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Teach Your Kids Internet Safety: Tips for Keeping Them Safe Online


Let’s talk about internet safety for kids, as we get a few questions about it in my free Facebook sex education group for parents, that parent group.

And even though internet safety for children isn’t really a part of sex education, it is still very relevant. Children will be exposed to sexually explicit images, may send nude pictures of themselves or receive them from others, will have romantic relationships online (including online sex), will use social media, and search for information about sex (and bodies) online. They’ll also be bombarded with lots of unwanted sexualised messages from the media, their peers and society in general.

When left unchecked, all of these things will have an impact on your child’s sexual development (in a negative way).


If you want your child to stay on the path of healthy sexual development, then you need to be talking to them.

So this blog post is designed to help you get started with empowering your child to stay safe when online. I’ll also share some of my favourite online safety resources with you, as they allow you to spend more time talking (and less searching).

Let’s get started!

mother talking with her two children about online safety as they play on cell phones
Conversations about online safety need to start early.

Create family rules

The easiest way to get started with internet safety (other than reading children’s books) is by creating family rules. Family rules about the internet will provide your child with clear guidelines on what they can and can’t do when online.

And the earlier you start implementing family rules, the easier it is to enforce them.

My Internet Safety Rules! Poster Set will help protect your children by instilling basic rules to save them from making common mistakes.  They’re basic guidelines about interacting with people (only those we already know), taking pictures (after asking permission), and trying new apps or games (only after checking with you first). Put up one poster or more, familiarise yourself with the rules, and regularly remind your children about them. They’ll become engrained throughout the family and offer valuable protection around the kids while they’re safely exploring the digital world.

The secret to teaching internet safety to kids

Regardless of how many conversations you start, the books you read and the videos you watch… it’ll never be enough. You can never have complete control over the internet to ensure 100% safety for your children, regardless of age.

But it doesn’t matter, as what truly matters is that you build a strong, trusting relationship with your children around their use of the internet. It’s about creating an environment where they feel comfortable turning to you when things go wrong online. Whether they stumble upon something scary in a video or someone sends them a message with a link to online porn, you want them to know that they can turn to you for support.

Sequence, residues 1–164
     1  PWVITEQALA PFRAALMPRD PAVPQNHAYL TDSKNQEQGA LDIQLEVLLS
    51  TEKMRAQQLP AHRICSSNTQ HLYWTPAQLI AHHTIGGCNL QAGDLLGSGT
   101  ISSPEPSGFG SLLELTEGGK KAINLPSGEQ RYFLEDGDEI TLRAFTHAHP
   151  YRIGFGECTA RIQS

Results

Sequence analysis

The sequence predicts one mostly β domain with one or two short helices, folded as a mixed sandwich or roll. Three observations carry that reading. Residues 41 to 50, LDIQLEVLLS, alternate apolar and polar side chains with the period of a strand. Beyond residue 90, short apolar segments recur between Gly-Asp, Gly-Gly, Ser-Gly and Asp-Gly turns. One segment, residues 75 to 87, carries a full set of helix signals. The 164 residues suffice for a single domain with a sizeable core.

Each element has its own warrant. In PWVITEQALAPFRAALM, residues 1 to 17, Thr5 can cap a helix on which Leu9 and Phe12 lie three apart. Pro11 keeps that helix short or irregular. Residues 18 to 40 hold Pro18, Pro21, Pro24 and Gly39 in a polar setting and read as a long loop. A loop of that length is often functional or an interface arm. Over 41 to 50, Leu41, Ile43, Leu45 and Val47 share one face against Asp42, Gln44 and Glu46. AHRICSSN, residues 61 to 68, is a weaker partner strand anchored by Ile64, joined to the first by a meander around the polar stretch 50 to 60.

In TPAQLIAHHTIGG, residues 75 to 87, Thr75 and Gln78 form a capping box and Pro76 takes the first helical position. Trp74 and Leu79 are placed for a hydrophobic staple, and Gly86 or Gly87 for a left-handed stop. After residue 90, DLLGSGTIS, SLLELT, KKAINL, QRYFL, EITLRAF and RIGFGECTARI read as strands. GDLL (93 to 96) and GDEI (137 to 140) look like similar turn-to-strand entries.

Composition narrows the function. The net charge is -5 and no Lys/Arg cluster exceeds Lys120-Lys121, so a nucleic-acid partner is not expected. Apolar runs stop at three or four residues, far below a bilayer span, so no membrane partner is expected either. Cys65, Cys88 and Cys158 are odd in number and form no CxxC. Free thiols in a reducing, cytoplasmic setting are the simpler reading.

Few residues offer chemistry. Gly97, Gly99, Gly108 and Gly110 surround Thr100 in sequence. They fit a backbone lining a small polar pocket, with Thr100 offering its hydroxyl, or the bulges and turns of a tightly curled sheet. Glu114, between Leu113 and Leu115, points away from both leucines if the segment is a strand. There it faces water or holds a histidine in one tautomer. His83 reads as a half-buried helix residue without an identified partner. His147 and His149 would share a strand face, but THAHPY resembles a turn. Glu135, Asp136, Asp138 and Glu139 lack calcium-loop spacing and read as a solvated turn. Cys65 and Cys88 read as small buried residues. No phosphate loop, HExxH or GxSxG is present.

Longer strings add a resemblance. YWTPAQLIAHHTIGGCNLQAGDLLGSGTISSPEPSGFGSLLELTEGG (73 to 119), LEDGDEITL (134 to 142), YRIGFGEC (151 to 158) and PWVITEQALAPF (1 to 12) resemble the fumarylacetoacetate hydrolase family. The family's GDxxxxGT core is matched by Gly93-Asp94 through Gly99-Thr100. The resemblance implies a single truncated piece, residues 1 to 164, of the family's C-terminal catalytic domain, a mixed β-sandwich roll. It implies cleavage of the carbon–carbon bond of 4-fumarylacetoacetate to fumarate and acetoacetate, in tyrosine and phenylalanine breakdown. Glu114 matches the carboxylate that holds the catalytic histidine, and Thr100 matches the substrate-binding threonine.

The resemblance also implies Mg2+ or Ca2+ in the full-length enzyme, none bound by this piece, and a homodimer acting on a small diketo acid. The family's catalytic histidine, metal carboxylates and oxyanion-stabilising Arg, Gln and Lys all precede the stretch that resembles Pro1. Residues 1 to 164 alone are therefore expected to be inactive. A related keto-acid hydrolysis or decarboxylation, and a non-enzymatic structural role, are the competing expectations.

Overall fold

So instead of responding with anger or threatening to take away their technology, I’m encouraging you to approach these situations differently. Listen to your child and thank them for telling you. Work together with them to find a solution and revisit your family rules.

This will help your child understand that you are always here for them whenever they face any challenges online.

Internet safety tips

Here are some of my favourite internet safety tips for families.

Ask before going online or downloading new apps or games.

Encourage your child to ask before going online or before using a device, before downloading a new app, before signing up for a new game, and before clicking on popups and sidebar advertisements. Common Sense Media is an invaluable resource for checking if they are age-appropriate (or not).

Only talk to people you know.

When using social media or online messaging, make your profile private and only add your friends in real life. Remind them to talk to you before chatting with people they don’t know.

Don’t give out personal information about yourself.

Don’t share personal stuff online, like your full name, address or phone number. Someone could try to use this information to find you. Help them to choose a fun nickname instead.

Think carefully before you press send.

You can get in trouble with the Police if you send photos of yourself or other people without clothes on. You can also get in trouble if you bully someone or talk about hurting them. Almost everything you share online ends up on public access, whether you want it to (or not).

Watch what you buy online.

Some things on the internet need money, like playing games or shopping. Always ask parents before spending money online.